Rice in Pakistan, urges 'tough line' on terrorism

United States Secretary of State Condoleezza Rice made an unannounced trip to Pakistan on Thursday to urge the Pakistani government to take a “tough line” on terrorism in the wake of last week’s militant attacks on the Indian city of Mumbai.

“The global threat of extremism and terrorism has to be met by all states, taking a very tough and hard line, and so that is what I am going to discuss,” Rice told reporters travelling with her from New Delhi to Islamabad.

“Pakistan has to determine its own response here. It just needs to be a robust response and it needs to be effective,” she said.

India has blamed groups based on Pakistani territory for the attack by a band of gunmen that killed nearly 200 people in the country’s financial capital.

Rice was going to meet army chief General Ashfaq Kayani first at army headquarters in Rawalpindi, before holding talks with President Asif Ali Zardari and Prime Minister Yousaf Raza Gilani, the leaders of an eight-month-old civilian government.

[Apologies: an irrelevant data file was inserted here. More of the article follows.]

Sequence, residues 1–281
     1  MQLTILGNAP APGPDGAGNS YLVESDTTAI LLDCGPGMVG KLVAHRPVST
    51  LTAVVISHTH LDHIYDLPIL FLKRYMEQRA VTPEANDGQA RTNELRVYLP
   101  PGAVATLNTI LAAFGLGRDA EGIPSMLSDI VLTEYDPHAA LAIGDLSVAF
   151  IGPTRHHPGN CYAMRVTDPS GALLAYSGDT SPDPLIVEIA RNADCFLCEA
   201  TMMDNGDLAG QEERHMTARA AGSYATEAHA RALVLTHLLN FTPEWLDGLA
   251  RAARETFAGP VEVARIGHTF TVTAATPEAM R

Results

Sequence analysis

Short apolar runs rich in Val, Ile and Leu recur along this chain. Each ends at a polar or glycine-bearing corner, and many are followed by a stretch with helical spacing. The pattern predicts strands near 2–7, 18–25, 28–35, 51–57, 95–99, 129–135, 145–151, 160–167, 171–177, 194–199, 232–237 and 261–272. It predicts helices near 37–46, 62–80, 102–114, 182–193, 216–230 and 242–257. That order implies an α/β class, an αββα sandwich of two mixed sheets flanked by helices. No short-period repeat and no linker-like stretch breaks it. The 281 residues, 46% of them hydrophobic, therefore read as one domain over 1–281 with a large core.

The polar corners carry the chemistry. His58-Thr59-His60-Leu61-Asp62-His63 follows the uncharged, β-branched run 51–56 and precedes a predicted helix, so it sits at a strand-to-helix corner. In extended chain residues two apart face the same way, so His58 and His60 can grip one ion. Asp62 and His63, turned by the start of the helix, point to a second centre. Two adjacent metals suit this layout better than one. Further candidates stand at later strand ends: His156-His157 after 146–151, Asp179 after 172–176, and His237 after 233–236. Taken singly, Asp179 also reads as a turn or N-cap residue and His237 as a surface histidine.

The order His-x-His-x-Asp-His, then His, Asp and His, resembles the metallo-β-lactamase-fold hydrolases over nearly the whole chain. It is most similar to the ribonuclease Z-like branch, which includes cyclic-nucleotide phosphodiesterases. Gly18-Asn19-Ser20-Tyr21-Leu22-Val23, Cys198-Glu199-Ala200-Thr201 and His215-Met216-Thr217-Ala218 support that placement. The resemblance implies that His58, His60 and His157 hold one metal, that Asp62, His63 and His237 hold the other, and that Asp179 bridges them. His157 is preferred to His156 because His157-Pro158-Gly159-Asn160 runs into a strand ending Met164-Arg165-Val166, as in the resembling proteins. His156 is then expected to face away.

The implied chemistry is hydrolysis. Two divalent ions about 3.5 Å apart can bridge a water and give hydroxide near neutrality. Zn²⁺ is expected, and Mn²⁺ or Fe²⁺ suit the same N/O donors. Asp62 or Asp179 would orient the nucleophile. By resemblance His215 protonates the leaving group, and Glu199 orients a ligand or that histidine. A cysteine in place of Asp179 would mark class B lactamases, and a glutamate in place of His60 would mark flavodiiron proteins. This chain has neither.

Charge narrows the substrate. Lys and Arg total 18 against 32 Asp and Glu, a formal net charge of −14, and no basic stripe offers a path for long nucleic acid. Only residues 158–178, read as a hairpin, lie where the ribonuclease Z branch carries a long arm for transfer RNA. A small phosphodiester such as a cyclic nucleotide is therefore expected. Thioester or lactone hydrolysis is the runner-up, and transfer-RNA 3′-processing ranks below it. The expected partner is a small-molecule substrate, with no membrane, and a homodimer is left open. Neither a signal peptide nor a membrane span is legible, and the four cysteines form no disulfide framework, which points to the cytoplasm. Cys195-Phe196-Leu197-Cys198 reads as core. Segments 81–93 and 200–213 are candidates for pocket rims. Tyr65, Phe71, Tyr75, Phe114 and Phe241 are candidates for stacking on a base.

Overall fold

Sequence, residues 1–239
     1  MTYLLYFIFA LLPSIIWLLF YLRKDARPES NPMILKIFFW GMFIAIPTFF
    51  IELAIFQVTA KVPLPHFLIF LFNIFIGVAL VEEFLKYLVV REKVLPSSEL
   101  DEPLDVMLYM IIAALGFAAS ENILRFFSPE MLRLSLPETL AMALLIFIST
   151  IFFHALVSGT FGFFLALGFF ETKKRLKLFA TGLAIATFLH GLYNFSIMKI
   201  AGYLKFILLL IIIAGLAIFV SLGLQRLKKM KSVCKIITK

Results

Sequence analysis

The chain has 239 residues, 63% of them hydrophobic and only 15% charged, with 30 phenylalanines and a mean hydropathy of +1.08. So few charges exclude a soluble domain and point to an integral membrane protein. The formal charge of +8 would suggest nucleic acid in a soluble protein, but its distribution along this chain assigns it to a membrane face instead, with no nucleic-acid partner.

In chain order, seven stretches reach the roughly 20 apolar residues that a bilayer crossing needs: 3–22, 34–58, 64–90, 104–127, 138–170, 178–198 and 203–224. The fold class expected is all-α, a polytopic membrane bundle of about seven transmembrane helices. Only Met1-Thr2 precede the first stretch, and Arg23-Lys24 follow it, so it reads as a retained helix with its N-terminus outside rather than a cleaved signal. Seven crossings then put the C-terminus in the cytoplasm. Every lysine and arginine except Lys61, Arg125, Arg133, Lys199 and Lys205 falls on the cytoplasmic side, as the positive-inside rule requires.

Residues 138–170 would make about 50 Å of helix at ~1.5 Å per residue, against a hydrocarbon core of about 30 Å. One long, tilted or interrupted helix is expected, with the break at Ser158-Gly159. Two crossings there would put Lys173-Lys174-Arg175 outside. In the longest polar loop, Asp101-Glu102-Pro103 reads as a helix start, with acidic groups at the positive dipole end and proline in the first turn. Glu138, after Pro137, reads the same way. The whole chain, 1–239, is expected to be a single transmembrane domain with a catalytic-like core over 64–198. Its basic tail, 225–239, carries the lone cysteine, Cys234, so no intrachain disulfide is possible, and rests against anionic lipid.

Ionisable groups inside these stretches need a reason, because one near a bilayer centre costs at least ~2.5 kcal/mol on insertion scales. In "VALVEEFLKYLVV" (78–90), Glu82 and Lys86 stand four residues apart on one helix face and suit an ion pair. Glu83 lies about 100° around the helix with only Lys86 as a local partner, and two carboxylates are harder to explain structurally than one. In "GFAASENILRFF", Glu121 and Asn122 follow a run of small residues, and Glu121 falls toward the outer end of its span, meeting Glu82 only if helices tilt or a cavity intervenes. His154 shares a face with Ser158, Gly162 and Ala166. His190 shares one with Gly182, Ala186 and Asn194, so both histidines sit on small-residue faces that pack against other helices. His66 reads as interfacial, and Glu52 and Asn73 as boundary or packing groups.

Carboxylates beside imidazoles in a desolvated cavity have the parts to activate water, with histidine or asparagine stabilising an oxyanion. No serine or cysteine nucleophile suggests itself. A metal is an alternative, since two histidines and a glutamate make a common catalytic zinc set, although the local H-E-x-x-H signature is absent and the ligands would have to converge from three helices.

She said she was not acting as a go-between with New Delhi, and said the onus was on the Pakistani leadership “as a whole” to tackle the threat of terrorism.

“I am going there to talk about a Pakistani response, not to carry messages,” she said. “This is not a matter of the international community somehow in juxtaposition, or against, the Pakistani government.”

Rice’s visit to Islamabad followed one by the chairperson of the US Joint Chiefs of Staff, Admiral Mike Mullen, on Wednesday.

America’s top military officer urged Pakistan to investigate all possible links to the Mumbai attacks.

In a thinly veiled reference to the Kashmir-focused militants suspected of carrying out the attack on Mumbai, Mullen also encouraged Pakistan to act against jihadi groups everywhere, not just in regions bordering Afghanistan, where Pakistani security forces have been fighting tribal militants, the Taliban and al-Qaeda.—Reuters

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